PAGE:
Thursday, March 1, 2012

Speak Out About Your Church!

Thursday is the day our weekly internet newsletter goes out at Eliot Church.  This is my column for this week.  It is a bit longer than usual, but addresses the issue of church growth and inviting folks to church.  One of the challenges we liberal religious face is our own tentative approach to talking about religion with our friends and neighbors.  Often people think this is solely the job of the clergy and other religious professionals.  We believe (or--more likely--hope) that there is an army of liberal church-shoppers out there who will fill our pews if only they get a chance to hear about us.  In reality church-shopping is pretty much dead (in these parts, anyway).  Folks need to be invited and encouraged, not by a professional but by a friend.

Dear Eliot Members and Friends,

As time goes on, many of us begin to realize that we need help and support on our journey through life. This journey is many things but, perhaps most fundamentally, it is a spiritual one. We find ways to love in a world that is constantly changing. We seek out ways to connect with the vast and diverse creation that surrounds us and that we are a part of. By embarking on this adventure with other people, we find that our experience is enriched. Also, many of the rough spots are made less difficult because of the hands that lift us up.

One of the places we find support for this journey is at church. Here we hope to connect to our own spirits and those of the people we choose to be in community with. When we are able to do this, our spirit grows and we become stronger. We become better able both to deal with the challenges and to celebrate the joys that life brings us. Lately there has been a tremendous growth in the spirit of our congregation. I want to thank you for helping to bring that about. It is an exciting time to be part of our community.

Sometimes, when we talk about growth at the church, we are talking about this spiritual kind. However, at other times we are thinking more about how to invite other people to take part in our church community. There is the sense among many that if we continue to grow spiritually that other people will see this and come join us. The problem is that this is not how congregations grow numerically today. The fact is, most of the people who would be interested in joining our church don't know that churches like ours exist.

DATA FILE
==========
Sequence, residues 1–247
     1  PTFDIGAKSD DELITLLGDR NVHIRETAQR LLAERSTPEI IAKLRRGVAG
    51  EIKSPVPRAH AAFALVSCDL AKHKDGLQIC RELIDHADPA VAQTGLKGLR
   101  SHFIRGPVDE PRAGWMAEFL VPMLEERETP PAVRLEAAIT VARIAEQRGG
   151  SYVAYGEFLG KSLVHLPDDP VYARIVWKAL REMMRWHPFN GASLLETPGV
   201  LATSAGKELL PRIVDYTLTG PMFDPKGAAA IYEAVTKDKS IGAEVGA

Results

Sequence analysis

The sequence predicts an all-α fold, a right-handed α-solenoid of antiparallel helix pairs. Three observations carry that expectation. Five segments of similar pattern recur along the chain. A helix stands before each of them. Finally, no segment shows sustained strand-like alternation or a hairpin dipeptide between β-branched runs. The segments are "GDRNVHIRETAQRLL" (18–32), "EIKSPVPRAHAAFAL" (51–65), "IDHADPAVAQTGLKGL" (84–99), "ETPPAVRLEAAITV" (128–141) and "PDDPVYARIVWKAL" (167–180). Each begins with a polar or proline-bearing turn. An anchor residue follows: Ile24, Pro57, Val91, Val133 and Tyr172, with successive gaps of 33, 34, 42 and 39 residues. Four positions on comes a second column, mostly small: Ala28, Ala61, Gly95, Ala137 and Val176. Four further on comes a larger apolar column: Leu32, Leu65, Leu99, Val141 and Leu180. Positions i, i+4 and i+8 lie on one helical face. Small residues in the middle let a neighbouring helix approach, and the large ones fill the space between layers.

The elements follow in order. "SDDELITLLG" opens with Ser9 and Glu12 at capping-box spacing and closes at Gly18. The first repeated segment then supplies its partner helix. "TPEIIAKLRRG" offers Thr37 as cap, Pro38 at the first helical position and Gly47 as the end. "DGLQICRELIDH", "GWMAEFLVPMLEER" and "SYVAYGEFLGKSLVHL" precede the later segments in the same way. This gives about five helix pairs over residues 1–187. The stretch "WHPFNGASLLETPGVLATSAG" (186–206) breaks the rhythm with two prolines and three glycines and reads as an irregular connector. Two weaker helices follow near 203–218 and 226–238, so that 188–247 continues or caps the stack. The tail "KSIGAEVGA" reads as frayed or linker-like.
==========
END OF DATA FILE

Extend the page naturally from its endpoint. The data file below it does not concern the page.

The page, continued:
Many decades ago there was a tradition of “church shopping” where families would as a matter of course seek out a church family to be a part of. That time was long ago for most people today. To them the church is an antique, doctrinaire body forever looking toward the past. Our progressive, non-creedal, open and affirming approach to religion is unknown to them. When we think about our future as a movement and as a congregation we need to keep this new (though not very new) reality in mind.

The liberal church is at a turning point. We no longer control the religious dialogue in this country. This means that all of us need to get used to talking about our faith to our friends, family, and associates. We cannot rely on people like me, Matt, and Donna to be the sole representatives of the church. As religious professionals in our current environment we are compromised. People want to hear about Eliot Church from the folks they trust the

Every Lent I ask you to make your faith a priority. I am doing so again. I would love to see you on some upcoming Sunday. I would love to hear from you during the week, even if it is just to say you are doing fine. I would also love it if you would practice speaking up to others about what church means to you. I—and the rest of the Eliot Church family—would love to meet your friends.

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